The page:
ETA: 2007
3 Stars

Friday, February 04, 2005

Brad Halsey Report

Brad Halsey, LHP, Arizona Diamondbacks
Drafted 246th Overall (8th Rd), 2002 Draft, Texas
Bats L/Throws L
23 YO, 6'1", 180 lbs

Halsey is another piece of that cumbersome Big Unit/Shawn Green deal. He's a command and control lefty who's about 5 MPH on his fastball away from being a top 50 prospect. As it is, he just doesn't walk anybody and hopes that the ball stays in the park.

Halsey spent most of 2005 in Columbus, where he posted a 2.62 ERA with 109 K's, 37 walks, 128 hits, and 8 home runs allowed in 144 innings. He got hammered, with a 6.47 ERA in 32 innings for the Yankees, but that may or may not be indicative of what he's facing in the Major Leagues. I'd like to see how his velocity is affected by working out of the bullpen. As Jeremy Affeldt and Eric Gagne have shown us, sometimes pitchers pick up significant velocity when they know they don't have to go more than a couple innings in a game. Halsey currently projects as a 5th starter with his high 80's fastball and B- slider. If you boost that fastball into the low 90's, he might end up being a very competant reliever given his control and ability to keep the ball in the park. He just needs to miss a few more bats.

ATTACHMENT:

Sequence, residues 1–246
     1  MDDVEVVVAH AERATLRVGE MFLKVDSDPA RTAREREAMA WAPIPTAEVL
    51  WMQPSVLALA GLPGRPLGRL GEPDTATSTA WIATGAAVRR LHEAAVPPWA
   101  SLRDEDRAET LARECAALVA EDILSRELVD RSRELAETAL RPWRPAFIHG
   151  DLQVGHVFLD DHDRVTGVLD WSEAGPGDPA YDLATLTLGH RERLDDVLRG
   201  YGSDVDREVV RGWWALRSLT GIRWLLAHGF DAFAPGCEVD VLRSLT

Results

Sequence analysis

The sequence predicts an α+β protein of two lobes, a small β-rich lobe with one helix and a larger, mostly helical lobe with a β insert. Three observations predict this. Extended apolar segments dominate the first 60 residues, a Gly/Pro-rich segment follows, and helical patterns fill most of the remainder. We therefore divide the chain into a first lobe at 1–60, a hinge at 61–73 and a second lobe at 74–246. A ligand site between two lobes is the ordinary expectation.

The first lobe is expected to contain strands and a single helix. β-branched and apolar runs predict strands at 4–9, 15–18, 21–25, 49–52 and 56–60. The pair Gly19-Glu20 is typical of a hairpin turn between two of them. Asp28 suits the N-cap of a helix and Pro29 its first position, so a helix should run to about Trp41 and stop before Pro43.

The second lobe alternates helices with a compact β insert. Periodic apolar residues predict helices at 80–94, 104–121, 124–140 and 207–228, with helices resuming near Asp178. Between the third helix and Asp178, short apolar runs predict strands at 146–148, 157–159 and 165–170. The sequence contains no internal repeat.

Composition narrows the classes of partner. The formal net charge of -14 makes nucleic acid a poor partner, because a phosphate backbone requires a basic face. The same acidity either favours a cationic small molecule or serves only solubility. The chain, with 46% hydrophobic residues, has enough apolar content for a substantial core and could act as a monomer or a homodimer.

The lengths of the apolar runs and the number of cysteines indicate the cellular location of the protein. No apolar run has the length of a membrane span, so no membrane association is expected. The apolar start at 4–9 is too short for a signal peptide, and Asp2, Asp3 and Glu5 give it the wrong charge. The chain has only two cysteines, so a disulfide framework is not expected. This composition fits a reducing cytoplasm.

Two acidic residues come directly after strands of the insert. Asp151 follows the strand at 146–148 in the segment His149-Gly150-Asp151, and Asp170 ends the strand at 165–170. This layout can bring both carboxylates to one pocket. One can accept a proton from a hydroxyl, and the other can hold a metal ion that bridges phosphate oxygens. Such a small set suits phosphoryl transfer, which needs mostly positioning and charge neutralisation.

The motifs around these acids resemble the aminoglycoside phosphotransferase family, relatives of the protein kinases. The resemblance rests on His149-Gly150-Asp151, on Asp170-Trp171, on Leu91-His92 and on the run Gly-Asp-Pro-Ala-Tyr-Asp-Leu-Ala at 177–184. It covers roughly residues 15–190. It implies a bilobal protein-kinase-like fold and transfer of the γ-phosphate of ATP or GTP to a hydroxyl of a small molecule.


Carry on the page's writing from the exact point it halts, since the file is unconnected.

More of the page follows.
ETA: Now
3 1/2 Stars

Thursday, February 03, 2005

Dave Crouthers Report

Dave Crouthers, RHP, Chicago Cubs
Drafted 83rd Overall (3rd Rd), 2001 Draft, Southern Illinois-Edwardsville
Bats R/Throws R
25 YO, 6'3", 203 lbs

Now that the Sosa deal is official, Crouthers, Jerry Hairston, and Mike Fontenot are Cubs property.

Crouthers is a rightie with a mid 90's fastball, but spotty control and a gopherball problem. In 2005, he put up a 5.03 ERA with 138 strikeouts, 68 walks, 134 hits, and 23 home runs allowed in 140 International League innings. He doesn't have any durability problems, but his stuff and his stats tell me that he's just better off in the bullpen, where his fastball gives him the potential to be an above average major league player. He has to clean up his command or else he'll be a AAA nomad.